Access Premium Content
If you are a client, please enter your name & email address below. You will be redirected to the premium content once the form is submitted.
Stocks ended the second week of the new quarter on a high note, giving the Dow its first close over 18,000 for the month. Investors took confidence from some major corporate deals as well as fresh data that suggests the economy is still on track.1 For the week, the S&P 500 added 1.70%, the Dow grew 1.66%, and the NASDAQ gained 2.23%.2
With earnings season in focus, investors have temporarily put Fed worries and economic issues on the back burner in favor of seeing how U.S. businesses performed last quarter. Thomson Reuters analysts predict that S&P 500 companies saw their profits decline by 2.9% from Q1 2014.3 Falling oil prices and a strong dollar likely chipped away at energy company earnings as well as those of firms that depend on overseas sales (and had to convert profits back into dollars).
Corporate managers have an incentive to set the bar low so that they can over-deliver on earnings and reap the reward as investors react positively to the news. However, past performance is no guarantee of future return, and we’re not guaranteed to see positive earnings surprises this season. The size of negative earnings revisions is unusually large as companies were forced to account for slower economic growth and volatile oil prices. However, we can remain hopeful that the historical trend will hold.
As we look toward the official start of earnings season this week, we can count on seeing some winners and losers. While energy companies will likely be hit hard by petroleum prices, financial firms and medical firms may see outsized performance. Though we can’t predict the market, we can stay alert for opportunities amid the potential volatility.
INVESTING RISK DISCLOSURE
Keep in mind that investing involves risk. The value of your investment will fluctuate over time and you may gain or lose money. Before investing, consider the funds’ investment objectives, risks, charges, and expenses. Contact Mahoney Asset Management for a prospectus or, if available, a summary prospectus containing this information. Read it carefully.
IMPORTANT CONSUMER INFORMATION
This web site has been prepared solely for informational purposes. It is not an offer to buy or sell any security; nor is it a solicitation of an offer to buy or sell any security.This site and the opinions and information therein are based on sources which we believe to be dependable, but we can not guarantee the accuracy of such information.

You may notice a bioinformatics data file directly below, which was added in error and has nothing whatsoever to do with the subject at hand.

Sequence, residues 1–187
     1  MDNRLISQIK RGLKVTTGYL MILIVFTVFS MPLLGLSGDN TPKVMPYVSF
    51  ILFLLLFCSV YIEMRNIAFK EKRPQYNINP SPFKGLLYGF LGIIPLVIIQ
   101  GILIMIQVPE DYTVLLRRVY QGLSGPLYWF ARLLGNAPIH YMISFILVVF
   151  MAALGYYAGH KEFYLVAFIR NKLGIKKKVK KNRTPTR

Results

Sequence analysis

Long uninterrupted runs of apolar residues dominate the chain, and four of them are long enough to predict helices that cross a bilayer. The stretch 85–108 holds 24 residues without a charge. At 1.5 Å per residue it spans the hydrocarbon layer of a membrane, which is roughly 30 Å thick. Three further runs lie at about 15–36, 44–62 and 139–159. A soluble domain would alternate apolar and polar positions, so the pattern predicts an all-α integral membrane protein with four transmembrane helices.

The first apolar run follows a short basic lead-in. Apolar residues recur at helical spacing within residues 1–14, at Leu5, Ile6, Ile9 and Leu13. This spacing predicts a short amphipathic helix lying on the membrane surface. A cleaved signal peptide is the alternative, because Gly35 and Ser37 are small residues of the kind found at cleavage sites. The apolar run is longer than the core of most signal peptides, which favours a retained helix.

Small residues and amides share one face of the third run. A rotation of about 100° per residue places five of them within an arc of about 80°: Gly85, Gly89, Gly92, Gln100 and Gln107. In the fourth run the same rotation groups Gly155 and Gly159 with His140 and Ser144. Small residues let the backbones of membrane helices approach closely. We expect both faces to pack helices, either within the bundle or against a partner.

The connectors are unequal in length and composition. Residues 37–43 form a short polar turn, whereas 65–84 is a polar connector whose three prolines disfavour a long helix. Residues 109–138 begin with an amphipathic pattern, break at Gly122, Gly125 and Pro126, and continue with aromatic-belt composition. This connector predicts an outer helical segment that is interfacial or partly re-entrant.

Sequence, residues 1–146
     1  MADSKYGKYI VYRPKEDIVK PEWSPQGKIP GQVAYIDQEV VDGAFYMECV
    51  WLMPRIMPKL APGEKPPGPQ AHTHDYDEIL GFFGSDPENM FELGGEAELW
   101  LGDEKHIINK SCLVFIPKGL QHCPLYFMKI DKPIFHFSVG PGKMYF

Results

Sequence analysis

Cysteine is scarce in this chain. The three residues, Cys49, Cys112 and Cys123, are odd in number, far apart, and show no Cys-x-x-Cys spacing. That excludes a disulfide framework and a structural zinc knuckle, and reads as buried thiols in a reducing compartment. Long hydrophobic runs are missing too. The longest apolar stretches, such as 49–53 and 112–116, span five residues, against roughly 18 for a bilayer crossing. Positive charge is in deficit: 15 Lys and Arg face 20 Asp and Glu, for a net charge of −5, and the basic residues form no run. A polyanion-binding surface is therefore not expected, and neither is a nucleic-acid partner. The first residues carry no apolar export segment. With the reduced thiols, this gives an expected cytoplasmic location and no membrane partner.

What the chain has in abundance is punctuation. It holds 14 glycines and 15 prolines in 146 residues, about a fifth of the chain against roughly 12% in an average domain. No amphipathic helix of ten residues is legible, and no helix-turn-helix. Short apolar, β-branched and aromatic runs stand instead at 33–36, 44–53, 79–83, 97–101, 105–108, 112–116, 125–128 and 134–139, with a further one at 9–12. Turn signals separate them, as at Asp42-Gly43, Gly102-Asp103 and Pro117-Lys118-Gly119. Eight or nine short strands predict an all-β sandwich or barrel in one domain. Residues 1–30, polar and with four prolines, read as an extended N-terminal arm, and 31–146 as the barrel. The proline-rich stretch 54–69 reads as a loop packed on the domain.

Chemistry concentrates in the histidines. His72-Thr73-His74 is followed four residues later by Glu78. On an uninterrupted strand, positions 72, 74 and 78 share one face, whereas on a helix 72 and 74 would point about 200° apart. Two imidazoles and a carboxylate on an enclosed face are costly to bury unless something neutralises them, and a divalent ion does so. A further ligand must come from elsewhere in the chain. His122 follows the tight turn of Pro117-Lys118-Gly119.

Representatives of a broker-dealer or investment adviser may only conduct business in a state if the representatives and the broker-dealer or investment adviser they represent: (a) satisfy the qualification requirements of, and are approved to do business by, the state; or (b) are excluded or exempted from the state’s licenser requirements.
An investor may obtain information concerning a broker-dealer, an investment advisor, or a representative of a broker-dealer or an investment advisor, including their licenser status and disciplinary history, by contacting the investor’s state securities law administrator.
SECURITIES: ARE NOT FDIC-INSURED/ARE NOT BANK-GUARANTEED/MAY LOSE VALUE
This information is intended for use only by residents of CA, CT, DC, FL,, MA, MD, MN, NC, NJ, NY, OH, PA, and VA. Securities-related services may not be provided to individuals residing in any state not listed above.
The financial calculator results shown represent analysis and estimates based on the assumptions you have provided, but they do not reflect all relevant elements of your personal situation. The actual effects of your financial decisions may vary significantly from these estimates–so these estimates should not be regarded as predictions, advice, or recommendations. Mahoney Asset Managment does not provide legal or tax advice. Be sure to consult with your own tax and legal advisors before taking any action that would have tax consequences.